Few races conjure up feelings of endurance, suffering, scenery second to none and pain both physical and mental. The race itself has a loyal following unlike any other race family in the industry and competitors are drawn from across the globe to compete in the West highland way race. The course runs from Milngavie just outside Glasgow and follows a line through glens, along lochs, over mountains and past the most iconic scenery in the British isles finishing in Fort William – a total of 95 miles and an overall ascent of 16,000 feet. The entire course must be run non stop and be completed in under 35 hours.
During the race there is little room for error, from nutrition to kit, it all has to come together. One small blip can be magnified ten fold and become a reason to retire, ruining a years worth of training. With this in mind I returned to Camelbak after a few years using a competitor brand that was low price and hence low quality.
The Camelbak venture was foremost in my mind for the WHW race, the pack itself sits on the hips as a belt arrangement which has the added advantage of easy access to the pack compartment and hydration bottles whilst running, a constant pace is essential during such an event and any faff with finding gear whilst running leads to seized muscles and loss of focus. The storage compartment is a slight 2 L which doesn’t seem much but will hold the essentials of anyone wishing to move light and fast, within mine I managed to get my emergency whistle, emergency foil blanket, map, compass, x4 energy bars and a light weight waterproof jacket with elasticised straps on the outside to store extras.
The start gun goes off in the dark at Milngavie 0100 hrs leaving the competitors 35 hours to get to Fort William. Initial feeling of the venture are that its mega comfortable. The perforated foam waist bands have been cunningly split in half allowing the belt to contour the body avoiding any rubbing. The first check point is 14 miles at Balmaha at the side of Loch Lomond where I meet my support team who feed me and refill my pack with energy bars and water into the bottles.
The trail winds along the East side of Loch Lomond to Inversnaid then on towards the 50 mile mark at Auchtertyre outside Tyndrum. The juxtaposition of starting in Glasgow and running to some of the most spectacular places in Scotland doesn’t pass me by, this is one of the joys of this event, it is a true journey of magnitude, in some ways you can appreciate that the country isn’t that big if you go from glen to glen and hill to hill as our ancestors did, rather than by winding roads that are built due to the need of the road builders.
One of the most striking additions to the Camelback Venture are the two Podium water bottles that come with the pack. Each bottle holds .6 of a litre of fluids, have a jet valve outlet which in laymans terms means you don’t get any airlock whilst drinking, meaning the water is in continuous delivery, very impressive! Even more of a surprise is that the bottles double up as flasks due to the gel insulation surrounding the inner container, keeping cool water cool and warm water warm. This is another area Camelbak have outstripped the competitors, other brands have nasty cheap plastic bottles that compress.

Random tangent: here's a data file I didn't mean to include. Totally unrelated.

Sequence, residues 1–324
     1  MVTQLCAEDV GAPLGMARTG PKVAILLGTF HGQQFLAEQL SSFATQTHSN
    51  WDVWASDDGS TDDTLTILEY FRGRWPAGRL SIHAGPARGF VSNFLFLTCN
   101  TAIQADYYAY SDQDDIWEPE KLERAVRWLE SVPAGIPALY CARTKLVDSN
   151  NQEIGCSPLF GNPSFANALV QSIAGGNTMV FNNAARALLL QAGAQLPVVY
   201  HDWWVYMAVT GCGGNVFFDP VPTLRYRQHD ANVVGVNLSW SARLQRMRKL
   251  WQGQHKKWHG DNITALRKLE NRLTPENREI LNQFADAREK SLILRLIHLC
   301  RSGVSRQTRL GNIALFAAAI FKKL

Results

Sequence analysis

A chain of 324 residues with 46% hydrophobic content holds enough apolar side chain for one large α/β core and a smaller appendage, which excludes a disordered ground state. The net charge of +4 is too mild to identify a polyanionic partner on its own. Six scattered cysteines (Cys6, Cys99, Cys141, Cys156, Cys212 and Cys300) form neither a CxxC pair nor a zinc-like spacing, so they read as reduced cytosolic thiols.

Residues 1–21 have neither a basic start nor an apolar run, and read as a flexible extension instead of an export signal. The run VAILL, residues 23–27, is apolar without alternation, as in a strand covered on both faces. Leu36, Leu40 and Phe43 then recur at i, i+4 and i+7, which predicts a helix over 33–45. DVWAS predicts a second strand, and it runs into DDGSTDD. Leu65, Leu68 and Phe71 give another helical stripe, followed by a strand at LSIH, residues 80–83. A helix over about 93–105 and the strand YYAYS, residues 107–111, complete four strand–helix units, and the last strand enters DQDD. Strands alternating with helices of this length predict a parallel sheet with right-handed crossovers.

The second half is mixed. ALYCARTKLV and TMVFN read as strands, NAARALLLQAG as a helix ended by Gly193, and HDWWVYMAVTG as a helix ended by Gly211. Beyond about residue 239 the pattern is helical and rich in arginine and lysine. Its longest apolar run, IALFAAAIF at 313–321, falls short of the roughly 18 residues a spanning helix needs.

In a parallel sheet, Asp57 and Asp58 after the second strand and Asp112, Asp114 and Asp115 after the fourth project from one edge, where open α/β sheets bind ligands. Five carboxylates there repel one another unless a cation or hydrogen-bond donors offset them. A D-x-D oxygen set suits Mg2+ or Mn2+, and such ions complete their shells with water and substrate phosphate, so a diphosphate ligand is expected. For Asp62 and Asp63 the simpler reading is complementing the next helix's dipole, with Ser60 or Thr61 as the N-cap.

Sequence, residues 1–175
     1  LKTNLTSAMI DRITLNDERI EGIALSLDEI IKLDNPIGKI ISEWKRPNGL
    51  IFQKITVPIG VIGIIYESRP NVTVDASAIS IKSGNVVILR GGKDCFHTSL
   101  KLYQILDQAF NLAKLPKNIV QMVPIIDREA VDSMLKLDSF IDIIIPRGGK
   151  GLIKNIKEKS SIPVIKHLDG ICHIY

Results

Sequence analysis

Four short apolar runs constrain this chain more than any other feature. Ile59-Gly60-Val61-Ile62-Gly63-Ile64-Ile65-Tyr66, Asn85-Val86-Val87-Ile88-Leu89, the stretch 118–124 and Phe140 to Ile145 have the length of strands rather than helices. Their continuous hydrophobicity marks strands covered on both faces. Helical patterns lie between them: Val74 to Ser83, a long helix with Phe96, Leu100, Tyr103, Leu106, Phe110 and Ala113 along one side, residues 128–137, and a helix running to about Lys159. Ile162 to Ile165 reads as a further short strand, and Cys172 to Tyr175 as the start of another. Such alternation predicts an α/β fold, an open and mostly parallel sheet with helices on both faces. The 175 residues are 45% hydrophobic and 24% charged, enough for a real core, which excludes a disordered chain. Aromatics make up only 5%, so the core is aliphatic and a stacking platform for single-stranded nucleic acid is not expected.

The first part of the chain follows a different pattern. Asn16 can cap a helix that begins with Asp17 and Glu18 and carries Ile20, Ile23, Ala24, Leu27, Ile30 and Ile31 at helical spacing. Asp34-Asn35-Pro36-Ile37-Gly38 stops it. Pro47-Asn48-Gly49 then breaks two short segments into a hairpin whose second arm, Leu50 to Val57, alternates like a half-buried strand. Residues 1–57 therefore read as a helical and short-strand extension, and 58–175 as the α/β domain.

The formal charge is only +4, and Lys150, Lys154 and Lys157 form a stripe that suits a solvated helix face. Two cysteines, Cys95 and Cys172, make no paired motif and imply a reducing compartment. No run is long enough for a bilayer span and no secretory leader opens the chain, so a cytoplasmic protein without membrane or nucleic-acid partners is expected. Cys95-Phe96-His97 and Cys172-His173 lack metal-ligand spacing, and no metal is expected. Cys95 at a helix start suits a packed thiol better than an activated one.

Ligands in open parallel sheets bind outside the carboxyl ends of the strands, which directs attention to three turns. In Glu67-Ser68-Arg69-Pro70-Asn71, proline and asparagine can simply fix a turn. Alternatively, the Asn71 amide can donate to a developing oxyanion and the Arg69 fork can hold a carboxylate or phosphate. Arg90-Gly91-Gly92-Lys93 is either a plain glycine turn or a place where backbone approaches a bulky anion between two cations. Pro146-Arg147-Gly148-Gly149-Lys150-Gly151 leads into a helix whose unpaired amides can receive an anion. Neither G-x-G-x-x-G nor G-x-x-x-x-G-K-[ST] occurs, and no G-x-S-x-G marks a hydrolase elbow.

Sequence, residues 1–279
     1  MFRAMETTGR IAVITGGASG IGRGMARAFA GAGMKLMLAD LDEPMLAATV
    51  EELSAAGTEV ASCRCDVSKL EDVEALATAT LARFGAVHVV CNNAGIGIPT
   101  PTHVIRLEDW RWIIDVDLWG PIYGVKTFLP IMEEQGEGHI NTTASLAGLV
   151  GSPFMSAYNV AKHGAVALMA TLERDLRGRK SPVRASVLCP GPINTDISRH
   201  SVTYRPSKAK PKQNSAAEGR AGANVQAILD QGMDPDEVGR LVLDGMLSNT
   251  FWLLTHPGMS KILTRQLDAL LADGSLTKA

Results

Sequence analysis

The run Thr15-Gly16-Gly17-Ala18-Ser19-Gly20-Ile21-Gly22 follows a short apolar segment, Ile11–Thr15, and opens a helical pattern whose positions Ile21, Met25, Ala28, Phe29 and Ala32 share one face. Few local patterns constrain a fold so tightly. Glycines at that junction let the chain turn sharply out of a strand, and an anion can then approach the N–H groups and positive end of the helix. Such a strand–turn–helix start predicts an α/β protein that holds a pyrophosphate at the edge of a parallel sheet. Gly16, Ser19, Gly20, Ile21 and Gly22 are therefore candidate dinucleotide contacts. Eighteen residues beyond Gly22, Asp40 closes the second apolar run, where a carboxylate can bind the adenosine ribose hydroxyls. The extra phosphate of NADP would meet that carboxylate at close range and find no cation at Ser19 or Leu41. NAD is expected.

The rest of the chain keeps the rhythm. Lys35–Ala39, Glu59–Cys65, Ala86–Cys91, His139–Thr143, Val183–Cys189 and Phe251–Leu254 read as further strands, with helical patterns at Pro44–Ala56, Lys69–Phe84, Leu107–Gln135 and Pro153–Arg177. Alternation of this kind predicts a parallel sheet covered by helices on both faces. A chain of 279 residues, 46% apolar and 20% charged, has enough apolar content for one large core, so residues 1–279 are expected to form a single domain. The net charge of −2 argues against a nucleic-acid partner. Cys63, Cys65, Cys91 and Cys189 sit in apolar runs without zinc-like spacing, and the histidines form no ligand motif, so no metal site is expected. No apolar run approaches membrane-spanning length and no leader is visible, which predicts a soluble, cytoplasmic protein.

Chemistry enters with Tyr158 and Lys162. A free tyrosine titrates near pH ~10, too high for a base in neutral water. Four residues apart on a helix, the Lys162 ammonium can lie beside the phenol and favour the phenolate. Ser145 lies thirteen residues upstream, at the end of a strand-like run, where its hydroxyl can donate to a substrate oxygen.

Leaving Auchtertyre for Bridge of Orchy the ergonomics of the belt become apparent. The drinks bottles are canted out slightly making it easier to reach round and draw one from the holster. Thankfully the holster doesn’t have superfluous bungee loops to hold the bottle in place, which to me is just another faff to overcome, getting on for the 60 mile mark and having not slept in 36 hours the body starts telling you to stop for the most minor things, including getting water bottles out….the less reasons you have to stop the less the body can trick you!
The next section is the one I looked forward to most but unfortunately is the section I suffer on. Coming down into Glencoe I’m hit with excruciating shin splints which turns a run into a jog and a jog into a walk. Leaving Glencoe after meeting the support team competitors are hit with the Devils staircase which climbs the flanks of the south side of glencoe and leads you down into Kinlochrannoch. A five mile descent on harsh underfoot conditions considering we’re now 80 miles into the race seems unfair to say the least, and in the dark the mind plays games, making figures out of the most benign features.
I hit Kinlochleven and begin the long climb up and over to Glen Nevis, the final stage of the race. Camelbak are one of those companies that you, as the customer never have to do much thinking about the product, it does exactly what it says it will…and some. As I hit the tarmac and the 30 mile an hour sign into Fort William I know its over, and as my hands touch the doors of the leisure centre I feel nothing but acute tiredness and the need for sleep having spent 30 hours on the trail.
The Camelbak venture is a great piece of equipment and has been thought out brilliantly with ultra runners, as well as road runners in mind. If you want value for money mixed in equal measure with quality then get yourself one, stay with the original and the best.
For more details and to purchase please follow this link http://www.nightgear.co.uk/Camelbak/466ngb.htm
Neil Foote – Backcountry Survival